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Congress Passes Corporate Transparency Act: What It Means for You

If you’ve formed a limited liability company (LLC) or corporation to operate your business or are thinking about doing so, you need to know about the Corporate Transparency Act.

Enacted in January 2021, Congress’s new law will end business owners’ ability to form business entities without revealing their identities to the government.

The new law intends to prevent the formation of anonymous shell companies for illegal purposes such as money laundering and tax evasion. But the transparency rules apply to all small LLCs and corporations, including your legitimate business.

For the first time, LLCs and corporations will have to file with the federal government when formed. Existing entities also have to comply with the law.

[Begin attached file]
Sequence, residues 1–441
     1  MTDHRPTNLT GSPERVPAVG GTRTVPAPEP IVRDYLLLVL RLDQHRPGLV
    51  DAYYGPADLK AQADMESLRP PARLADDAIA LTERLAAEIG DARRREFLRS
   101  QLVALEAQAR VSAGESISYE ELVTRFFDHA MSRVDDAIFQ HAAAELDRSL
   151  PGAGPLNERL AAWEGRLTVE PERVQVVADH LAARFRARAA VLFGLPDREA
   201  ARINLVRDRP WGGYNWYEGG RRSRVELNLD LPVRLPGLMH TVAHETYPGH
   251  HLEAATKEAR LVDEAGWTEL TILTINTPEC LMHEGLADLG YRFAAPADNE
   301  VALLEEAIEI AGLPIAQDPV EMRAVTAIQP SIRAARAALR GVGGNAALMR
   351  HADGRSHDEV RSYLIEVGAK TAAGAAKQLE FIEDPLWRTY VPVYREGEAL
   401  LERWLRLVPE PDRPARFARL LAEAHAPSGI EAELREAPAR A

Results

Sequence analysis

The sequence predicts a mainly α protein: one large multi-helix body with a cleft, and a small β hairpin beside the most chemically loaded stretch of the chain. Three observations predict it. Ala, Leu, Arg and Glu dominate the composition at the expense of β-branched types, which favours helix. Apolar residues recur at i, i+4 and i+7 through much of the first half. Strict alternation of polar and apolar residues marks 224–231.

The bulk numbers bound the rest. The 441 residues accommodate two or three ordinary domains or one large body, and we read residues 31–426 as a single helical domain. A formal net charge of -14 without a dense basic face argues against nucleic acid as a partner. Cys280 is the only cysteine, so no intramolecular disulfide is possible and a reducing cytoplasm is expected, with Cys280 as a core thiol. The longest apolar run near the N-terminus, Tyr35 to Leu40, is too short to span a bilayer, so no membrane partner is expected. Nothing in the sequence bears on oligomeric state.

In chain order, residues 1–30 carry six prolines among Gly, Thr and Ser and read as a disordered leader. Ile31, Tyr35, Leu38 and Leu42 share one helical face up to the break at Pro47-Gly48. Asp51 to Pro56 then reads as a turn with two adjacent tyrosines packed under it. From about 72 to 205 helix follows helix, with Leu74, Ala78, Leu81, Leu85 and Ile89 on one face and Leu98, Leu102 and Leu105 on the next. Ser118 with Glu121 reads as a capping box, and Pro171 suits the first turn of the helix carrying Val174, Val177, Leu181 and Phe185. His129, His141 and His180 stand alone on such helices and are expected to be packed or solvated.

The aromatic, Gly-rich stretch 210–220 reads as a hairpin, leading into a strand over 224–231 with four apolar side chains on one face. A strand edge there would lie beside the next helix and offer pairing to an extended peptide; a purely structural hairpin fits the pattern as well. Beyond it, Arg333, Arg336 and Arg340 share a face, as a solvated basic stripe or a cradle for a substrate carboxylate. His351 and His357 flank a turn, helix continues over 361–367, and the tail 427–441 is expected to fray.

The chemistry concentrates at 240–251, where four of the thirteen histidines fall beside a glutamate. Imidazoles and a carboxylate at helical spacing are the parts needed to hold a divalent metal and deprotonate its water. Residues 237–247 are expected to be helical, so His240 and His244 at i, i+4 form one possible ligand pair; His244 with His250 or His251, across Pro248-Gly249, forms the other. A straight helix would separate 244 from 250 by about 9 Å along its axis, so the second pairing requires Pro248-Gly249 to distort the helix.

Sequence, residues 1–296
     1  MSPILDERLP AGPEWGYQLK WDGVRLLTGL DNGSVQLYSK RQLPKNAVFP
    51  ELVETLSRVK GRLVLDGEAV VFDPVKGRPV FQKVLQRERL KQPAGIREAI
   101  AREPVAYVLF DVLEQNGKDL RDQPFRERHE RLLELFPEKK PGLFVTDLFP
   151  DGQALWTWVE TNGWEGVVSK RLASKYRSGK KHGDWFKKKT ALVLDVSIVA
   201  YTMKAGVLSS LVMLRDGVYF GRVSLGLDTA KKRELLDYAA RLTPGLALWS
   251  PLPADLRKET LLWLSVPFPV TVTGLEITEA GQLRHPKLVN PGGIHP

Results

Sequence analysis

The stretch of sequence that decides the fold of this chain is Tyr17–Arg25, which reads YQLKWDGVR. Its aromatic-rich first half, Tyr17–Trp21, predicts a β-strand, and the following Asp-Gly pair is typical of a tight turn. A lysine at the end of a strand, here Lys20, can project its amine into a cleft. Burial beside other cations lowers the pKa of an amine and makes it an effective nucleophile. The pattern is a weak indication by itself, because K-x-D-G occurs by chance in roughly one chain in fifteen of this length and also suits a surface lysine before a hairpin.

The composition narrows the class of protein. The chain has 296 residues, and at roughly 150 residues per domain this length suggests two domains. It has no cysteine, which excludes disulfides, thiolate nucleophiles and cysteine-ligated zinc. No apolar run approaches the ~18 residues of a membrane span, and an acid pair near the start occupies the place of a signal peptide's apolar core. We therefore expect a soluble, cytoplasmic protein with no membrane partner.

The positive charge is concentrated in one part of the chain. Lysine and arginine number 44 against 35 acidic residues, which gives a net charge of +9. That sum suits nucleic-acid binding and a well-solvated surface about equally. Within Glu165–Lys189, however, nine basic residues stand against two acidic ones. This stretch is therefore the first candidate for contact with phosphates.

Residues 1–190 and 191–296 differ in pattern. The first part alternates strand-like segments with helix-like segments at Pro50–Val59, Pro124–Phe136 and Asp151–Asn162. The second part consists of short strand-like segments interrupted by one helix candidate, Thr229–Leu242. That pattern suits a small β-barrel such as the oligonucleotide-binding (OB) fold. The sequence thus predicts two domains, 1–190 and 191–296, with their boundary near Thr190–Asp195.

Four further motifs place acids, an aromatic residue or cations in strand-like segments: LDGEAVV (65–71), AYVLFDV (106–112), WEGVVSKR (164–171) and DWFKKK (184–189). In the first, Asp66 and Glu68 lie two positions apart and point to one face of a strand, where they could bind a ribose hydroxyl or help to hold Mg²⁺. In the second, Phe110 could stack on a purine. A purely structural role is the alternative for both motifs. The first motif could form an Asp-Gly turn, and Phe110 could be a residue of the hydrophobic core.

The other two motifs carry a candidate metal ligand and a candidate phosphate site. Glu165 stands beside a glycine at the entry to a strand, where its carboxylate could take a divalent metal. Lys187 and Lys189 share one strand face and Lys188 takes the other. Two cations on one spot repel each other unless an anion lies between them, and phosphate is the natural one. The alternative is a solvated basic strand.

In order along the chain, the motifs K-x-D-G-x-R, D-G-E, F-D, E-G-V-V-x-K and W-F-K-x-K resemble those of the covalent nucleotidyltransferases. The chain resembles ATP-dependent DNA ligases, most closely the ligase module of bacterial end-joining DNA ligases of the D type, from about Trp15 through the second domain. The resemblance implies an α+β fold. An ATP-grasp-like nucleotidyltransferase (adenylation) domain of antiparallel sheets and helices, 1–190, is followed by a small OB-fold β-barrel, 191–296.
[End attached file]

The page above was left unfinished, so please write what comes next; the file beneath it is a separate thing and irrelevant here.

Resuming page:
When forming an LLC or a corporation, the new law requires you to provide the names, addresses, and other information for the entity’s real “beneficial” owners. You provide the information to the Department of the Treasury’s Financial Crimes Enforcement Network (FinCEN)—the Treasury Department’s financial intelligence unit.

Individuals and businesses form two million new LLCs and corporations each year, so there will be much new paperwork.

At least five million existing LLCs and corporations will have to provide the same information and keep it updated.

The program begins in January 2022. Existing LLCs and corporations have until January 2024 to comply.

Not all LLCs and corporations are subject to the new law—larger businesses are exempt.

FinCEN will not make the ownership information available to the public. But the information will be available to federal, state, and local law enforcement agencies, including the IRS.